FEBRUARY 16, 2001
62,000 confiscated from six Markham addresses (FVSO News Release)

Three organizations yesterday released the results of Wednesday’s six-location sweep during an antipiracy operation in Markham, Ontario. Those results included confiscation of more than 62,000 optical discs, the largest such seizure in Canadian history.

The haul included over 1,000 pirate copies of popular motion picture titles such as Sony's Crouching Tiger  Hidden Dragon, several titles of the more recent James Bond releases and classic titles such as Spartacus, Rebel Without A Cause, High Noon, Exodus and Breakfast At Tiffany's, all recorded in DVD and VCD formats. The remainder of the confiscated haul consisted of bogus music discs and a supply of blank discs apparently for use in further illegal copying and are currently being examined.

On Wednesday, the Royal Canadian Mounted Police North Toronto Detachment Federal Enforcement Section, accompanied by Jim Sweeney, Ontario Regional Representative of the Film & Video Security Office and representatives of the Canadian Recording Industry Association executed search warrants at four stores and two residences where they seized the discs, along with computers, scanner, printing equipment and compact disc replicators capable of recording 22 discs simultaneously.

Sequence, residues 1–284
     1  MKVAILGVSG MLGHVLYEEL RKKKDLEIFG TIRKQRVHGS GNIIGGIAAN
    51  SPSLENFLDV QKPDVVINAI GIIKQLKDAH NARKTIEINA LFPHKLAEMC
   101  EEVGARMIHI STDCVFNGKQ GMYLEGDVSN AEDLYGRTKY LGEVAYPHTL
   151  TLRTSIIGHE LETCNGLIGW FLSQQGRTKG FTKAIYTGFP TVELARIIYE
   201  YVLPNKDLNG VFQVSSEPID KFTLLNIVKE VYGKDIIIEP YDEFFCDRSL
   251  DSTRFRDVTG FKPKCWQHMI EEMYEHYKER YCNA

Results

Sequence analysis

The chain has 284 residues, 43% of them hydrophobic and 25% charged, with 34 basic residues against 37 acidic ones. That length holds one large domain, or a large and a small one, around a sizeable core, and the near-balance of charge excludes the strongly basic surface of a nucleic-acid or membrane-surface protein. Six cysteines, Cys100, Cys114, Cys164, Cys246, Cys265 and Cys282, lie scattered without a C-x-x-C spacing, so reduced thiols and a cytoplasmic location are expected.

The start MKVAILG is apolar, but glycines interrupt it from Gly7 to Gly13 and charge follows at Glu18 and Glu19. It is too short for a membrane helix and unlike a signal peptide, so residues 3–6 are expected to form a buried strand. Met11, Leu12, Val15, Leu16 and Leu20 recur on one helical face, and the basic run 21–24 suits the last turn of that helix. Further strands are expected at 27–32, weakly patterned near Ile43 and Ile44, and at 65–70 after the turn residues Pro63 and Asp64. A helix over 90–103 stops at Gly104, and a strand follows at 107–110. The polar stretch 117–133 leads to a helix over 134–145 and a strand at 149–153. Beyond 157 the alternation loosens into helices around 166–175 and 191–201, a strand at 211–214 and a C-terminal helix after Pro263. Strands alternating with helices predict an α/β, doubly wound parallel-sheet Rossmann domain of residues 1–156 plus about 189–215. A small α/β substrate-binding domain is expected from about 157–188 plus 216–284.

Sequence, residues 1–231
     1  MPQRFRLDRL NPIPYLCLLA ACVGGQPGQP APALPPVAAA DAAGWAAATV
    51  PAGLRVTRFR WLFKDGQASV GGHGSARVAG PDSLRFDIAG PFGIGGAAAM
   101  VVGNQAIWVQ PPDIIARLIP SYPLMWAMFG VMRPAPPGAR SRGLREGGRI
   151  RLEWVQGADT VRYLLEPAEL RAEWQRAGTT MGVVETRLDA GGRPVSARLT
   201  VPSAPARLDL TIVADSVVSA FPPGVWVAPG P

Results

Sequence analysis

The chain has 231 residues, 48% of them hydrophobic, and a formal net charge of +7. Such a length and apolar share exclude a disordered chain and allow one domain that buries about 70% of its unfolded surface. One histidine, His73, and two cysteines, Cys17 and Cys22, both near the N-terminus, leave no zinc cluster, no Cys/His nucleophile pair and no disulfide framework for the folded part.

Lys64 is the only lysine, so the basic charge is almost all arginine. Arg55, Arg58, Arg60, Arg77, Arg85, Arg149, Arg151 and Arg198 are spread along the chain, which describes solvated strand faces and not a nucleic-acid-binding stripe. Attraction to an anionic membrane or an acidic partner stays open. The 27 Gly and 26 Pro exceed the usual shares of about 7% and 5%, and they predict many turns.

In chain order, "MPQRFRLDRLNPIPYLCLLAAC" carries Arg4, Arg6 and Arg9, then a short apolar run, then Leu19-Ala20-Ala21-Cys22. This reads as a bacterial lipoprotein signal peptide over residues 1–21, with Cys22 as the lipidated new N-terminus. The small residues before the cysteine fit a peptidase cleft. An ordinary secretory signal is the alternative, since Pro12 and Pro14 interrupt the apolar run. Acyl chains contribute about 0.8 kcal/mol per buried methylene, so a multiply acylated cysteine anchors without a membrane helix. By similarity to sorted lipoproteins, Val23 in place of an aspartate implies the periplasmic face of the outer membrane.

“We had worked with the RCMP for three months getting ready for this operation. It got started because a consumer complained about the quality of a recording purchased in one of the stores,” Sweeney said afterwards. “The end result is that the operation produced the largest-ever confiscation of optical discs in Canada, both in terms of DVD and the overall total.”

The four stores, located in Markham shopping malls --- Pacific Mall, Times Square and First Markham Place --  do business as Image and Sound, explained RCMP Cpl. Mike Bezansom.

Four accused have been charged under the Copyright Act for the illegal copying and under the Criminal Code for conspiring to import, distribute and sell the counterfeit discs. They are: Philip Kwok Chung, Yin Ping Chung, Melody Lin Lu and Tse-Kit Jack Ng, all of Markham.

“When these works are reproduced by unauthorized sources for profit, copyright holders lose revenue and reputation. The Canadian economy loses significant tax revenue,” Bezansom said. “Canadian businesses lose revenue, sometimes to the point of bankruptcy.”